Deepa is blind but also the cleverest of the girls. Banu may have dyslexia, but she has a keen instinct for art and construction work. Padma, a migrant from the countryside, carries the responsibility of looking after her depressed mother and two brothers. Rukshana, queer and Muslim, is falling for a girl. Joy, the group's queen and great beauty, wonders about her future as a trans woman. By standing together, the girls have conquered rat infestations, abusive men and an awkward dance contest. Saving Heaven will take every ounce of ingenuity and solidarity the residents possess, but the girls and their mothers will do anything to keep their homes.

In this Heaven, love comes first. Subramanian, who lives in New Delhi, never shrinks from the dangers and discrimination facing impoverished women, but she also gives her characters resiliency and hope in the form of each other. Whatever society may say about Joy's transition or Deepa's disability, the girls have boundless support from their clique, their wise and cunning headmistress and the mothers of Heaven. Subramanian's rich imagery conjures up the bustle of a diverse city where children live in poverty mere blocks from three-story homes where their mothers work as maids. With its heroic young cast, A People's History of Heaven has huge YA crossover potential, and its social commentary makes it a wonderful book club selection. As colorful as a Rangoli design, this bittersweet coming-of-age story will linger in the reader's mind. --Jaclyn Fulwood, blogger at Infinite Reads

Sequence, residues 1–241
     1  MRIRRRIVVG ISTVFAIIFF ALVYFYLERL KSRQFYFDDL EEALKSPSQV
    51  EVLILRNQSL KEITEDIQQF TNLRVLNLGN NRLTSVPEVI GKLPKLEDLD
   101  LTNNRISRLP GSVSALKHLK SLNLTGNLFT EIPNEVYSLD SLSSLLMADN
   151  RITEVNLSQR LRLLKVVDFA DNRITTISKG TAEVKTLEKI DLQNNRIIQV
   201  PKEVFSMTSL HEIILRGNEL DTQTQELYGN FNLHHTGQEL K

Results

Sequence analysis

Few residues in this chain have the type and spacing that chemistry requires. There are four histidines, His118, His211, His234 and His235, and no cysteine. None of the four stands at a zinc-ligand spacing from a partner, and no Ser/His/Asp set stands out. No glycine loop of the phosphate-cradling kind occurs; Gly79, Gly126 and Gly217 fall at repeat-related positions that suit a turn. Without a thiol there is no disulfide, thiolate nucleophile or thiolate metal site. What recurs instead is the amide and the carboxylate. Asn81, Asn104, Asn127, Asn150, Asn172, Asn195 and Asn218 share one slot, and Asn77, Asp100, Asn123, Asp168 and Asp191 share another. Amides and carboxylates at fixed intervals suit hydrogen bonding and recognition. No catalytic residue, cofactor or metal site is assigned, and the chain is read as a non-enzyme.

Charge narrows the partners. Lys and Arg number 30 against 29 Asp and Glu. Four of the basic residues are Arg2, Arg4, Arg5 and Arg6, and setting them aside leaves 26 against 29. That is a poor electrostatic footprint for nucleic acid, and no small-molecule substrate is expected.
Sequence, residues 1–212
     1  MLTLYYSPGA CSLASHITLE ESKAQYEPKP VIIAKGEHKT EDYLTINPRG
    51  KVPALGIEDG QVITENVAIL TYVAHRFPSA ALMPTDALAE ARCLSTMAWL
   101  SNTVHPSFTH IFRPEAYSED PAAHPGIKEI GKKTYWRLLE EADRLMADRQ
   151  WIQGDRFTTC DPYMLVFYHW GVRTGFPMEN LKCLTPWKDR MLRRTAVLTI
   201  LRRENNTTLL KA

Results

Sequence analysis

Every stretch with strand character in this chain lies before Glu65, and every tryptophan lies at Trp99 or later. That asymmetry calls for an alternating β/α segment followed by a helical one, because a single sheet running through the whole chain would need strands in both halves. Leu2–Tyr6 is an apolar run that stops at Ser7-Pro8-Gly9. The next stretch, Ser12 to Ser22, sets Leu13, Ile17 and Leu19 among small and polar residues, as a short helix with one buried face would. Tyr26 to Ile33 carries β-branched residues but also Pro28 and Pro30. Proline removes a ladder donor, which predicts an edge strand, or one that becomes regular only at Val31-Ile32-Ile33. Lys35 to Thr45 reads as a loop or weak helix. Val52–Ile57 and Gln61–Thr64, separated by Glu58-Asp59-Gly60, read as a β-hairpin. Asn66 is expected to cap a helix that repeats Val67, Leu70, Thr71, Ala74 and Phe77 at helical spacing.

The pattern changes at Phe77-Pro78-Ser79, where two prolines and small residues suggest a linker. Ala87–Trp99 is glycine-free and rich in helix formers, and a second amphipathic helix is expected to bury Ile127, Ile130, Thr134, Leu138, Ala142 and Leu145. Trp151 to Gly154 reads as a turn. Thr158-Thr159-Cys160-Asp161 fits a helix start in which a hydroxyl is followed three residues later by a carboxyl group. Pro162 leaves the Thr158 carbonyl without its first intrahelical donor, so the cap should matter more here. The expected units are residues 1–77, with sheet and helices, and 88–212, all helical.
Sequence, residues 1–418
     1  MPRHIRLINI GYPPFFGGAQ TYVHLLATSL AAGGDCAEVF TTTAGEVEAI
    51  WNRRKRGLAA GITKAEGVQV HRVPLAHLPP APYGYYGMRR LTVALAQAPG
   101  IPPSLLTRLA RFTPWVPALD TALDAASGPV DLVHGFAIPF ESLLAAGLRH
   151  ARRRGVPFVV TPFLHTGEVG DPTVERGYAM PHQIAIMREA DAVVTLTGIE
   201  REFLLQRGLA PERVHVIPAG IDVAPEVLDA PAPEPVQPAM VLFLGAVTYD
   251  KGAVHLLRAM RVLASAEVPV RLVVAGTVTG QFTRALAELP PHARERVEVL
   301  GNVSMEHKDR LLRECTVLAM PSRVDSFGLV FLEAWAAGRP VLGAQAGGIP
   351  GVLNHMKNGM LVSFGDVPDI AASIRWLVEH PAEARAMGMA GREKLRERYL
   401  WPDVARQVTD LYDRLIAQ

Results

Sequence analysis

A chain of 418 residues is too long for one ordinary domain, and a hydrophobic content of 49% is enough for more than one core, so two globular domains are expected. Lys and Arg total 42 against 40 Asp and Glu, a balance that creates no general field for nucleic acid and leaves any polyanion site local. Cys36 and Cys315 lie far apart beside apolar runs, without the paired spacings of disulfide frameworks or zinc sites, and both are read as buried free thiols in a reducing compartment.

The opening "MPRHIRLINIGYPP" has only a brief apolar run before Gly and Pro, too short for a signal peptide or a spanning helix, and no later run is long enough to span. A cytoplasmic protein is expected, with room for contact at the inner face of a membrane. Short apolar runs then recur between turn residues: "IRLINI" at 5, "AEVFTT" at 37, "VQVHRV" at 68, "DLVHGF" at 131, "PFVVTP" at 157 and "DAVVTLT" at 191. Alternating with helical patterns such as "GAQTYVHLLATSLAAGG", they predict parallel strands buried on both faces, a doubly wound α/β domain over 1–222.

Shelf Talker: Five teenaged girls in an impoverished Bangalore neighborhood share their lives as their mothers fight against the demolition of their homes.